Happy St. Patrick’s Day everyone! While I know this recipe won’t be coming to you in time to celebrate the holiday, I hope you enjoy some of your own favorite foods and then make this Shamrock Bread for the after-party table. Not only is it soft and bursting with sweet, tender onions and cabbage–it’s bright green and looks like a clover! I mean, what else could you want in a March bake? It’s the perfect side dish to a hearty dinner, especially for those of you who want to adhere to the cabbage tradition but don’t care for a mouthful of cabbage on its own.
Saint Patrick’s Day has always been celebrated among my family. Having proud Irish grandparents, I was the kid at school who was enthusiastically decked out in green on the 17th because I enjoyed it (and because I knew if I wasn’t, my grandpa would somehow sense it from miles away and never let me hear the end of it!). For some, this holiday is one that’s easily overlooked, a day that only brings unwanted wardrobe limitations and obnoxious parties. Since I was young, though, I’ve looked forward to celebrating St. Patty’s Day for weeks before it comes. I can’t lie: pride in my family’s heritage was far from the reason for my childhood anticipation. It was mostly fueled by something that you wouldn’t expect from the baker of all things vegan: corned beef.
Every March for the holiday, my grandma cooked our family corned beef, potatoes, cabbage, and Irish soda bread. While it took me a few years of maturing to appreciate the cabbage and bread, I’ve had a love of corned beef from the beginning. While it’s actually an arguably Irish meal, it to me was the epitome of St. Patrick’s Day, and the flavor was unlike anything else I ever ate. So, the joke that my grandma would buy one corned beef for me and one for the rest of the family to split developed, and the tradition of enjoying the meat every spring was kept strong.
My first March in Pittsburgh came with the sad realization that there’d be no walking through my grandma’s kitchen to the smell of dinner that’d been simmering for hours, and my initial reaction was to wallow in the loss of one of my favorite celebrations. It wasn’t until my mom brought it up that I realized, believe it or not, Pittsburgh sold corned beef and I had a pot and water; essentially nothing was stopping me from enjoying my beloved meal aside from my own laziness.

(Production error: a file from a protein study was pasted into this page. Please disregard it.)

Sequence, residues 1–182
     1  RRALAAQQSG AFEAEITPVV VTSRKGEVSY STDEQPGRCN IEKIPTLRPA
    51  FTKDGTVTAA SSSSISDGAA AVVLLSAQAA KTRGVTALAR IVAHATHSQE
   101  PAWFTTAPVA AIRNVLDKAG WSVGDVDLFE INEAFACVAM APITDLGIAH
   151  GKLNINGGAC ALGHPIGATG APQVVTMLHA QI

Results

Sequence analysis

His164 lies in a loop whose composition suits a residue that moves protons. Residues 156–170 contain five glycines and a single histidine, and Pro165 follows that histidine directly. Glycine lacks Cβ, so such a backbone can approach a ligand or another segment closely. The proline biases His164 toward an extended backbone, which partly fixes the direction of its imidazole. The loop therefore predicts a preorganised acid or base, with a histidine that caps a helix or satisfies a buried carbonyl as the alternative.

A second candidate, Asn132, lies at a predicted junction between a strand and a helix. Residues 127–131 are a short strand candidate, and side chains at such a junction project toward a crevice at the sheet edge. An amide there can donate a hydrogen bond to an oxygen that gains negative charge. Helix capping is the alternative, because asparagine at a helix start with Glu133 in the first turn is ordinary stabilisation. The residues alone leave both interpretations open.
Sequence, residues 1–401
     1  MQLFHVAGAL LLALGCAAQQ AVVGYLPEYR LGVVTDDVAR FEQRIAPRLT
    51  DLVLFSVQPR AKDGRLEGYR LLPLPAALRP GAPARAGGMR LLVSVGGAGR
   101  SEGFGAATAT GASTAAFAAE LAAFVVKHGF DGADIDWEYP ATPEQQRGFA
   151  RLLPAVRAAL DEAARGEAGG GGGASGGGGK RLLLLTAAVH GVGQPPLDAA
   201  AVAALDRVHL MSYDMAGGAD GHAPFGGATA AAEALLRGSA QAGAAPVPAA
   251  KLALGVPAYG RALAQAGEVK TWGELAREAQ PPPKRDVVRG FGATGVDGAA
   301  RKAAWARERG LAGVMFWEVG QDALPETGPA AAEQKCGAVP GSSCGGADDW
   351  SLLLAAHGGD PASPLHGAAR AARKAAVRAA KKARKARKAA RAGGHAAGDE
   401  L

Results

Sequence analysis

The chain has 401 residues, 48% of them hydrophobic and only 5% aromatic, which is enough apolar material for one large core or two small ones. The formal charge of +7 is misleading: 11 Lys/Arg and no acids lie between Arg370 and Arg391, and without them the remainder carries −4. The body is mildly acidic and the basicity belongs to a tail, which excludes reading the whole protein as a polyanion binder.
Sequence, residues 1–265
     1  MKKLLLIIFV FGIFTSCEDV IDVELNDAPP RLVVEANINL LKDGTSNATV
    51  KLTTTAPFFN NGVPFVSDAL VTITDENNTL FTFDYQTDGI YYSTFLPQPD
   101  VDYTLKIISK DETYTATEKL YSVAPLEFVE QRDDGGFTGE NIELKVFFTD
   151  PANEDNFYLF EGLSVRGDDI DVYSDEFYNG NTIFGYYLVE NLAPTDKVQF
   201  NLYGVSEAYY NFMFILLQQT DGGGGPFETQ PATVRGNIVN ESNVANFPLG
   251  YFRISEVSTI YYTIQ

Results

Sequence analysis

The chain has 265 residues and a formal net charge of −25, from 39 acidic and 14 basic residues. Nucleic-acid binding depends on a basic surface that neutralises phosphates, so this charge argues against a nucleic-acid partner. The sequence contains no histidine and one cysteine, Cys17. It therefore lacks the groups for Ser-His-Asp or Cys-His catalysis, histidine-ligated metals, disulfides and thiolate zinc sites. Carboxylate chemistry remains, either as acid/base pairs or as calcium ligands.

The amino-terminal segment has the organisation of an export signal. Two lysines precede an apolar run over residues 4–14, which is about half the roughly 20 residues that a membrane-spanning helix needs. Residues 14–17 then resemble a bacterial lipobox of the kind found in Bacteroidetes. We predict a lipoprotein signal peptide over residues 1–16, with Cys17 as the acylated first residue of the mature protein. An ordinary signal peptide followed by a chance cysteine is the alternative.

But it felt so wrong for a St. Patrick’s Day dinner to come from the hands of anyone but my grandma–I questioned whether it would even taste good if it wasn’t infused with her special care and served on her dining room table with the lacy tablecloth and the hum of golf on the t.v. from the living room and the spring sun shining through her kitchen window by the hummingbird feeder and a tray loaded with finger food that we’d munch on as she wandered around the kitchen with a towel on her shoulder. I began to feel as though having no festive meal at all was better than having my apartment-prepared solo style corned beef.
And that’s where I was wrong. I realized–after allowing my craving to win over my sentimental groaning–that my mentality is what crushes memories from taking hold and actually becoming traditions. Sure my simple table-for-one style St. Patrick’s Day seemed rather pathetic in the moment, but who’s to say it won’t one day become an annual joy to my future family? If young adults like me don’t allow themselves to be the humble placeholders, they risk the chance of their beloved experiences dying with their initial participation in them. I want to challenge myself to hold tight to the things that sometimes feel lost with time and distance, to accept that just because traditions must adapt doesn’t mean they must be abandoned. I want to keep firm in my goal for starting this blog. I want to always remember that 600 miles from Charleston to Pittsburgh may seem like a long way, but it’s got nothing on a love of family, traditions, and corned beef.